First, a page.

The jury, which was controversial from the start, had various disadvantages. Often the jury was rejected on the basis of irrelevant considerations (peasants in the case of perjury , townspeople in the event of arson ), because the rejection neither needed to be justified nor was it checked by the court. Nevertheless, all 30 jurors had to appear and be compensated, which resulted in high costs. Especially in perjury cases, the jury tended to acquittals with unfounded facts. Often the jury was wrong about the complicated legal issues. Their decision also did not have to be justified, so that the revision based on complaints was de facto futile: the proof of incorrect application of the law could not be provided in this way. Finally, in the sentencing, where the jury was most likely to be useful, they were not allowed to participate. In the Emminger reform, named after the then Reich Minister of Justice Erich Emminger , jury courts were abolished by a decree of the Reich government "on the constitution of courts and the administration of criminal justice" of January 4, 1924. According to their name ( jury court ), they continued to exist as a judicial body meeting if necessary, but with a uniform bench of judges, i.e. without the characteristic separation of guilt and punishment:

Section 82 (1) GVG old version
The judges and the jury jointly decide on the question of guilt and punishment; During the main hearing, the jury exercise the office of judge to the same extent as the lay judges.

Special regulations on the composition of the jury courts - three professional judges and now only six “jurors” - in the 6th title of the Courts Constitution Act have also been preserved. Initially, however - from January 15 to March 31, 1924 - jury courts no longer met and lay judges in criminal matters were no longer called in "to prevent the impending standstill of the administration of justice" (Section V of the ordinance). National Socialist legislative acts and the legal fragmentation that occurred in the federal states between 1945 and the entry into force of the Basic Law led to the fact that in 1950 the legal situation of 1924 had to be restored (Art. 1 No. 41 of the law for the restoration of legal unity in the field of court constitution, civil justice, criminal proceedings and the law on costs of September 12, 1950). The special provisions on the occupation of the jury courts were later repealed, the jury courts are large criminal chambers of the regional court. In the Courts Constitution Act, there is still a 6th title on jury courts, which only consists of the repealed Sections 79 to 92.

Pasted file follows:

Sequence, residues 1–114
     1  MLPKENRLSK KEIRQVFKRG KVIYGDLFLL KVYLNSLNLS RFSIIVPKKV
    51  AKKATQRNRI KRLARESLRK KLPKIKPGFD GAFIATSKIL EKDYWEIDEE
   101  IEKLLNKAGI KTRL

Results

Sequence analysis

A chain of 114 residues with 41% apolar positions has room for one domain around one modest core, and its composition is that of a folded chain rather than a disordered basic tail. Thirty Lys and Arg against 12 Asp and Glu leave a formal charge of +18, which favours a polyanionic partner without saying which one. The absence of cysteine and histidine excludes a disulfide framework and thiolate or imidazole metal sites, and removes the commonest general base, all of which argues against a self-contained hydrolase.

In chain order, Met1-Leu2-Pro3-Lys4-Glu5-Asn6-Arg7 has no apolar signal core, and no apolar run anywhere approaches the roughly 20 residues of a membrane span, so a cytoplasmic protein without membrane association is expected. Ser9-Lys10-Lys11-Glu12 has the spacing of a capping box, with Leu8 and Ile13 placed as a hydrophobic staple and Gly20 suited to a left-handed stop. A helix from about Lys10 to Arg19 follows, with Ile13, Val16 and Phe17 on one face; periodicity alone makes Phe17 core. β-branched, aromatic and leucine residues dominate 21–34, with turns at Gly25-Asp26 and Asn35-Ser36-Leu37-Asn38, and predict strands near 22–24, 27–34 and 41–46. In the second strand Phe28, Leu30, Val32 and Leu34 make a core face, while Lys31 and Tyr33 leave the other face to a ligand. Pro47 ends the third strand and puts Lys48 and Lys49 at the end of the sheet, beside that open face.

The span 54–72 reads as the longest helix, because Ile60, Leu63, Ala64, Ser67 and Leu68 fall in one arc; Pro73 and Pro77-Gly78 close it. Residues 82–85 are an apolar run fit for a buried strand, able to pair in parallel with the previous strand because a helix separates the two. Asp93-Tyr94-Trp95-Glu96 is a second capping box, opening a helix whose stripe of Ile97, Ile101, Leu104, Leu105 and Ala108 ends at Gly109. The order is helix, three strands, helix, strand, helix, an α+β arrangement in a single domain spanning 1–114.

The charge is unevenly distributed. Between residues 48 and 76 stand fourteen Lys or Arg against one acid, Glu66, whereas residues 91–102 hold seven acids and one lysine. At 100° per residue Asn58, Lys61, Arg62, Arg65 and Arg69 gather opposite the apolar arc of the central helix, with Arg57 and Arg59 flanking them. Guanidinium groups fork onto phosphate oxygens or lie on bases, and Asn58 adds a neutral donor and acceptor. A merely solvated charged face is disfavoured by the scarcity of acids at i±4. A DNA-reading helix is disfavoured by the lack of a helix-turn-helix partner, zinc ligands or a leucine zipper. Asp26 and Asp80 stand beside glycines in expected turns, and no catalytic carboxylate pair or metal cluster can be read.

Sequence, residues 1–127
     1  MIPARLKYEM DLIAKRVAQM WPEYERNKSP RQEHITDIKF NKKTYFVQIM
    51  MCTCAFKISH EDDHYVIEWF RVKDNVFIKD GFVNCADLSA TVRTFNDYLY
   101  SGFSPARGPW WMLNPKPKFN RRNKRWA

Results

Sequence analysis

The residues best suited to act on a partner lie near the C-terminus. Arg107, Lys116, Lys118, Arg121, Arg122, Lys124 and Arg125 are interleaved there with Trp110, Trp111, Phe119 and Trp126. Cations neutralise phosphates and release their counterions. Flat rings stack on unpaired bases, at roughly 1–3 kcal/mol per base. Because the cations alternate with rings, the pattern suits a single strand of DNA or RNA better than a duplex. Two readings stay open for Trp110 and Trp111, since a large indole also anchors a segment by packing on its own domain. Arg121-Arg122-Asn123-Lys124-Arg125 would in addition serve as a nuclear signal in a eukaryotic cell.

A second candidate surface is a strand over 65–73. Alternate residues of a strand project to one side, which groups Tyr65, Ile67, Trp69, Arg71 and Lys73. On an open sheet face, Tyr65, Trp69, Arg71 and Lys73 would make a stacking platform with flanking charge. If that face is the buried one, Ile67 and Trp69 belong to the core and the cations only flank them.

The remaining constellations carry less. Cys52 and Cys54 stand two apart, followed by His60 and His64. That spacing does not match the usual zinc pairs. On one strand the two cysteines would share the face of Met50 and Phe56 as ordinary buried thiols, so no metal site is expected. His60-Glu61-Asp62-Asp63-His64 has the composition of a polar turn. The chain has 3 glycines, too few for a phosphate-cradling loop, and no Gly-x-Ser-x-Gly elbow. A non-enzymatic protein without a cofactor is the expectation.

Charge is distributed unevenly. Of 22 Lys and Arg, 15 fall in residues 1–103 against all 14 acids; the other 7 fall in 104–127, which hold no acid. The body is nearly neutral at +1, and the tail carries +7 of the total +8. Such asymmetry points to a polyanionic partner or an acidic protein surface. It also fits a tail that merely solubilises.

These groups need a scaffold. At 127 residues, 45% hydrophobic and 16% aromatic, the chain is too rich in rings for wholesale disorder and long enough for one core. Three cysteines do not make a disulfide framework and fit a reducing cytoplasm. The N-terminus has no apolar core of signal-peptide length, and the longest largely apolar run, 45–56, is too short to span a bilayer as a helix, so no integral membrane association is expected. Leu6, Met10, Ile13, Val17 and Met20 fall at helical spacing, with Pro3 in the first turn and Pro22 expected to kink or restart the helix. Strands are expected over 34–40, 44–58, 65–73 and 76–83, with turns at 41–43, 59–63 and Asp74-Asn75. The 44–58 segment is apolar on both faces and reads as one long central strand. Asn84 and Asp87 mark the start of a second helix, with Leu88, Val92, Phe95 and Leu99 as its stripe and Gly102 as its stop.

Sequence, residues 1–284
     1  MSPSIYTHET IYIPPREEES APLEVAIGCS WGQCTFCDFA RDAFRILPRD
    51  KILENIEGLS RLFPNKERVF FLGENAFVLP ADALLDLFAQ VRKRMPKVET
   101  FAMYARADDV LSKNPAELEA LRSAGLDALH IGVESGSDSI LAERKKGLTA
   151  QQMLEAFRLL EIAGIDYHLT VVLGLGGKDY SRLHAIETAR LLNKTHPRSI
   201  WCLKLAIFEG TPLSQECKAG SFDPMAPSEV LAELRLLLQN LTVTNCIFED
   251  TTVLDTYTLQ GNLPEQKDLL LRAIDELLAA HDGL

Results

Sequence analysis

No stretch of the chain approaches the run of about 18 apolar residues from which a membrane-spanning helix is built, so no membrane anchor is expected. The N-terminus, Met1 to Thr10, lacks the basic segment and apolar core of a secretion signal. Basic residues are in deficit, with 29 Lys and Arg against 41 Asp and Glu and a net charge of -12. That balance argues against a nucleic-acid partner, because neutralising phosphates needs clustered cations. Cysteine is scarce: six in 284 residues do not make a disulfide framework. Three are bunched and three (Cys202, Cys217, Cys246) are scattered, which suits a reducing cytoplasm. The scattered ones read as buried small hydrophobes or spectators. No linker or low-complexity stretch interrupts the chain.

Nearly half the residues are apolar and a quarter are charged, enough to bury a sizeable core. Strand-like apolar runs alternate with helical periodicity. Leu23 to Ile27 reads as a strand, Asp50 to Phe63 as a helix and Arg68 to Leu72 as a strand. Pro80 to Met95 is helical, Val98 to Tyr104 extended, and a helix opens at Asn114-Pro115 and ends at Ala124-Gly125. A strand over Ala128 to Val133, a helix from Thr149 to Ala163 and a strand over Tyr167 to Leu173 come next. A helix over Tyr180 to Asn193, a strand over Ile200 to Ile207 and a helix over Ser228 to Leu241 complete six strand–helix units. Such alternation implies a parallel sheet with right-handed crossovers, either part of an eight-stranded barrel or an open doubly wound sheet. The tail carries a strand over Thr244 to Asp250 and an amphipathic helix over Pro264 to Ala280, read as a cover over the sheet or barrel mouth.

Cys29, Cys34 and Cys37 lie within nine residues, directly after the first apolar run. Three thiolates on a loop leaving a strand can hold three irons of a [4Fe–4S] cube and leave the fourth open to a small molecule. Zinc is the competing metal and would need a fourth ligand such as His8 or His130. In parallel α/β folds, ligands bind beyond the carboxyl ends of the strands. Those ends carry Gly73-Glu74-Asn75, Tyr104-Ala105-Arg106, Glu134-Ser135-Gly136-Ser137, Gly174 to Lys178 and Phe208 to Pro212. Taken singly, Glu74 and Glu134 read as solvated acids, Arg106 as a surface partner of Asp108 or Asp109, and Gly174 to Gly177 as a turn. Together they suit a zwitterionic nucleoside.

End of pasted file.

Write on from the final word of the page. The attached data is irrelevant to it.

Current legal situation

While jury courts have long ceased to exist in Germany, the name jury court has been retained. The large criminal chamber of the regional court is still called jury court for certain, particularly serious offenses, Section 74 (2) sentence 1 GVG . This jury only has the name in common with the original jury. It negotiates in the cast of the large criminal chamber, so it has no jury who only vote on the question of guilt, but with the two lay judges in addition to the three professional judges, although honorary, but otherwise equal judges, who have extensive co-decision. The jury also no longer meets periodically, but is a normal chamber of the regional court. The only special rule is that the jury, unlike the usual large criminal chamber, cannot decide to downsize it.


The jury is a procedural form of the regional court , as the first instance for the most serious offenses and crimes and political offenses (for example under the Prohibition Act ). Explicitly mentioned are (§ 31 Abs. 2 StPO):

Offenses with a life sentence or 5–10 years imprisonment ; Surrender to a foreign power  (§ 103 StGB), high treason  (§ 242 StGB, and preparation § 244 StGB); connections hostile to the state  (§ 246 StGB); Degradation of the state and its symbols  (§ 248 StGB); Attack on the highest state organs  (§§ 249-251 StGB); Treason  (§§ 252–258 StGB); armed association  (§ 279 StGB); Accumulation of ordnance  (§ 280 StGB); Disruption of relations with foreign countries  (Sections 316–320 StGB); Aggression  (§ 321k StGB); Incitement to , approval of (both § 282 of the Criminal Code) and failure to prevent  (§ 286 Penal Code) of the aforementioned criminal acts; as well as jurisdiction based on special provisions.

A jury consists of the jury court , that is three professional judges , and the jury bank , which includes eight lay people (Section 32 (1) of the Code of Criminal Procedure). In the case of criminal acts against sexual integrity and self-determination  (Sections 201-207 StGB), the jury must include at least two jurors of the gender of the accused and two jurors of the gender of the person who could have been injured in their gender sphere by the offense (Section 32 Paragraph 2 StPO).

This procedure is regulated in the 15th main section §§ 297–351 StPO: After instruction by the presiding judge, the jury alone decides on the so-called verdict on guilt or innocence, and together with the judges on the sentence. Unlike in other legal systems, unanimity does not have to be achieved, a simple majority is sufficient. If there is no majority for a conviction ( i.e. also if the vote goes 4: 4), the accused is to be acquitted according to the principle in dubio pro reo .

If the three professional judges are unanimously convinced that the jury's decision is incorrect or incomplete, they can order an amendment to the verdict. In this case, the jury has to deliberate again ( Monitur ; § 332 StPO ). If the error cannot be remedied by Monitur, the jury can unanimously suspend the verdict of the jury (suspension according to § 334 StPO) and have it checked by the Supreme Court . The latter may assign the case to another jury for retrial. In this a suspension of the jury's decision is no longer permitted.

For less serious offenses, non-criminal matters and in the second instance of the district court , the regional court is a lay judge , a single judge or a senate .


Legal situation after the introduction of the Swiss Code of Criminal Procedure